You might have noticed that the trigger has a yellow 'TODO' label on it, this means that the trigger does not contain a defined match requirement yet. So, let's start with populating the trigger with example inputs and adding a match requirement. Hovering over the 'TODO' label will give you more info on what's missing.

Now, you can repeat the step above to add more examples one by one, but you can also paste multiple examples in one go:

  1. Copy the examples below:
Do you have brewed coffee
Do you serve macchiato
Do you have cappuccino
Tell me about the coffees you have
Tell me about your coffee
What coffee do you serve?
What kinds of coffees do you serve?
What kinds of drinks do you sell
Which coffees are offered by Longberry Baristas?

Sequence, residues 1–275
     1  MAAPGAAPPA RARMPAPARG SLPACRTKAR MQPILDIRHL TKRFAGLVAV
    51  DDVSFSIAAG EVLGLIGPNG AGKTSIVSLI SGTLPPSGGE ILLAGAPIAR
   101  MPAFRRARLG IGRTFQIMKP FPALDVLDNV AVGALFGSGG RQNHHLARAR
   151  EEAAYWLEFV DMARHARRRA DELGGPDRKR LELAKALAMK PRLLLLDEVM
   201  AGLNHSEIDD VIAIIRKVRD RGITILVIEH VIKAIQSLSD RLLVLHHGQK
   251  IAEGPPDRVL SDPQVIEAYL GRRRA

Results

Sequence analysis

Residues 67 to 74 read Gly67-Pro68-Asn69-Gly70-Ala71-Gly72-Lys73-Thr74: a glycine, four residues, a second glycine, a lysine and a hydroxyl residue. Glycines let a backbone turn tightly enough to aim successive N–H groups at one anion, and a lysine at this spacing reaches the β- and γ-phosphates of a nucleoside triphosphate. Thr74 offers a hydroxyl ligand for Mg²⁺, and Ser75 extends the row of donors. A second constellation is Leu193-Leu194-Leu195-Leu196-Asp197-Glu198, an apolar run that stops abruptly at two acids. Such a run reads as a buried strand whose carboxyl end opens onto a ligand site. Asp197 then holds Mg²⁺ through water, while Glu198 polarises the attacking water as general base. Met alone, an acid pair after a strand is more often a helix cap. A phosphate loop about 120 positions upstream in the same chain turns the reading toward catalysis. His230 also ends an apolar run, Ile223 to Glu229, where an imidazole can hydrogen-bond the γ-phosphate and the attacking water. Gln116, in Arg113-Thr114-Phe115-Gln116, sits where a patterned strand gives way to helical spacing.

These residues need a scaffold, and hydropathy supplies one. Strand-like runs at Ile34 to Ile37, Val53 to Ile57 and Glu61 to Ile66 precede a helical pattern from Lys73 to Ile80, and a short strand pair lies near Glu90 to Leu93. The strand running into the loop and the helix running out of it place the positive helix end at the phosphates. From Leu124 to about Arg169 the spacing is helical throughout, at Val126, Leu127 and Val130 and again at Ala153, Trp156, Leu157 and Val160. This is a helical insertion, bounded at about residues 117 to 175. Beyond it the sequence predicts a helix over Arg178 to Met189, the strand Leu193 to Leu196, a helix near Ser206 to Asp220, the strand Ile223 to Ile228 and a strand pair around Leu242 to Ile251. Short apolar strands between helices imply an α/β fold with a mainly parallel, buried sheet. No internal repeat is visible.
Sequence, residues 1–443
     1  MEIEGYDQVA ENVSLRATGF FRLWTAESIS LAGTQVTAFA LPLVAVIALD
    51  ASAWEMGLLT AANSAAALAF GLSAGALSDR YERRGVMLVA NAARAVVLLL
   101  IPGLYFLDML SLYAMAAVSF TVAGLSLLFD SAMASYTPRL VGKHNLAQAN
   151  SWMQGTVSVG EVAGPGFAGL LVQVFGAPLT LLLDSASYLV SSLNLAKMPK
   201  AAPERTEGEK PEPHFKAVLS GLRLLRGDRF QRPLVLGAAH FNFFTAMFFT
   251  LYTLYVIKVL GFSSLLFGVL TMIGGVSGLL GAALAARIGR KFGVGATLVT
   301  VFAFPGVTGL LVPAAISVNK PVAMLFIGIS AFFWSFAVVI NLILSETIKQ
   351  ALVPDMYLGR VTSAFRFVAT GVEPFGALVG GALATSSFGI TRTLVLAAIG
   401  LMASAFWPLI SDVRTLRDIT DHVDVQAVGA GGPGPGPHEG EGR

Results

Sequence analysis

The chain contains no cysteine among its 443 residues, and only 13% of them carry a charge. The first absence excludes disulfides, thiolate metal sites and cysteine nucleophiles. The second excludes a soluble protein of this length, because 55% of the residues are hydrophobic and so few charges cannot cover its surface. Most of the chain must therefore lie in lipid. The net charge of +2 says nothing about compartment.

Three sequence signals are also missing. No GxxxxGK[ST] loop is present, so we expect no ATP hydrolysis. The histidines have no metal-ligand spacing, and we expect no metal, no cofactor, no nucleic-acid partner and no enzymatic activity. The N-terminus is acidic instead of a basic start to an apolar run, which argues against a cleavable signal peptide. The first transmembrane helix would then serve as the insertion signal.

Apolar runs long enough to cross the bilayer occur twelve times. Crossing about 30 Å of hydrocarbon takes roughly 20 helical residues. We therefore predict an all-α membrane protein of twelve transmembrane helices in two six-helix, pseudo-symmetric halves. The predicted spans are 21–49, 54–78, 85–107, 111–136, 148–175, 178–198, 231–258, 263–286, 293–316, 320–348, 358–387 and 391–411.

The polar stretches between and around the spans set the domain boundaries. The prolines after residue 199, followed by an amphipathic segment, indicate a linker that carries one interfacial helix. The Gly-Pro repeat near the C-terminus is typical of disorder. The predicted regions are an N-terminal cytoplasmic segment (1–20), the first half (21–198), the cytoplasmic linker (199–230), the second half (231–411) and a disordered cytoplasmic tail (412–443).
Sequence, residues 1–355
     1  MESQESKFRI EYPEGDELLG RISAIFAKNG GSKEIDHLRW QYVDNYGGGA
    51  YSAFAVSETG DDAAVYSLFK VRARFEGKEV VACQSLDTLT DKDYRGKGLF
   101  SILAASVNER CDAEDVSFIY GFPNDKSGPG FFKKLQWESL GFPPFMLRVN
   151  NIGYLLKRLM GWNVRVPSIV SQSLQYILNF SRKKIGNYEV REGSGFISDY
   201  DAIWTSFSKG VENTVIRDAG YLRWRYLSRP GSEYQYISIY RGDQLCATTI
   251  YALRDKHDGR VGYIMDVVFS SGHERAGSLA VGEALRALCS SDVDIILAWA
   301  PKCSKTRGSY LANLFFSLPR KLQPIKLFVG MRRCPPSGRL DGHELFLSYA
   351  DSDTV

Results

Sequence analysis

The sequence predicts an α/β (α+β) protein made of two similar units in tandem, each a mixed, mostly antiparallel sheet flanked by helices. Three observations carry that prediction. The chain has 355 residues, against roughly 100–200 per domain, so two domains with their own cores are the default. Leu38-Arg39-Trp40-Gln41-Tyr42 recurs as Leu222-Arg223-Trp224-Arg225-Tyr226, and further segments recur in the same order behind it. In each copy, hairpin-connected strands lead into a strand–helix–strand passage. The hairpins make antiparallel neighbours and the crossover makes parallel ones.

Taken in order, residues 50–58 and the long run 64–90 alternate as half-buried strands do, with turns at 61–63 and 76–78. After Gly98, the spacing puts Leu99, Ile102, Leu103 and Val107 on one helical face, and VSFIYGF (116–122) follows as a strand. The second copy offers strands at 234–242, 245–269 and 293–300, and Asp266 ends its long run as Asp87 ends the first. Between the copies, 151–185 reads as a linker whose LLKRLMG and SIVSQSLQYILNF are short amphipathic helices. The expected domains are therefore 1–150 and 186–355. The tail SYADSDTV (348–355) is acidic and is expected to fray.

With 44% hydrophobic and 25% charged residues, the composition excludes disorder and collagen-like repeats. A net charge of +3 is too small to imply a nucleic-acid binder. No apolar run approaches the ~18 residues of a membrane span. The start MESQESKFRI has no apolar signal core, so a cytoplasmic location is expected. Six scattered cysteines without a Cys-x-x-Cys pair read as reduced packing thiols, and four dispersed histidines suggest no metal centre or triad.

Which drinks do you have?
Which sorts of coffees do you have
  1. Next, right-click the empty area in the learning example area and paste the inputs (alternatively, you can click the tab called 'Positive' and hit Ctrl+V to paste them).
  2. Finally, add a match requirement. Click on the 'Generate' button under the 'Match Requirements' section, this will automatically generate a match requirement based on the example specification.

When you generate a new class match requirement, the class gets generated based on the training data that you assigned in the examples panel. Once the class is generated, it gets added to the overall machine learning model of your solution. However, if you want to expand your class with additional training data, you have to do so in the class manager. You will learn more about the class manager on a later page.

The positive examples are also used for auto-tests for when you want to automatically test your bot.

Add an answer text

Next, we will need to set the bot's answer in the flow. There are many options to define the bot's response. For now, we will focus on the answer text only.

  1. Select the purple box that is marked Output (the Output node) and the output configuration panel will open to the right.
  2. Give the output a name like: We offer a variety of handcrafted coffee drinks...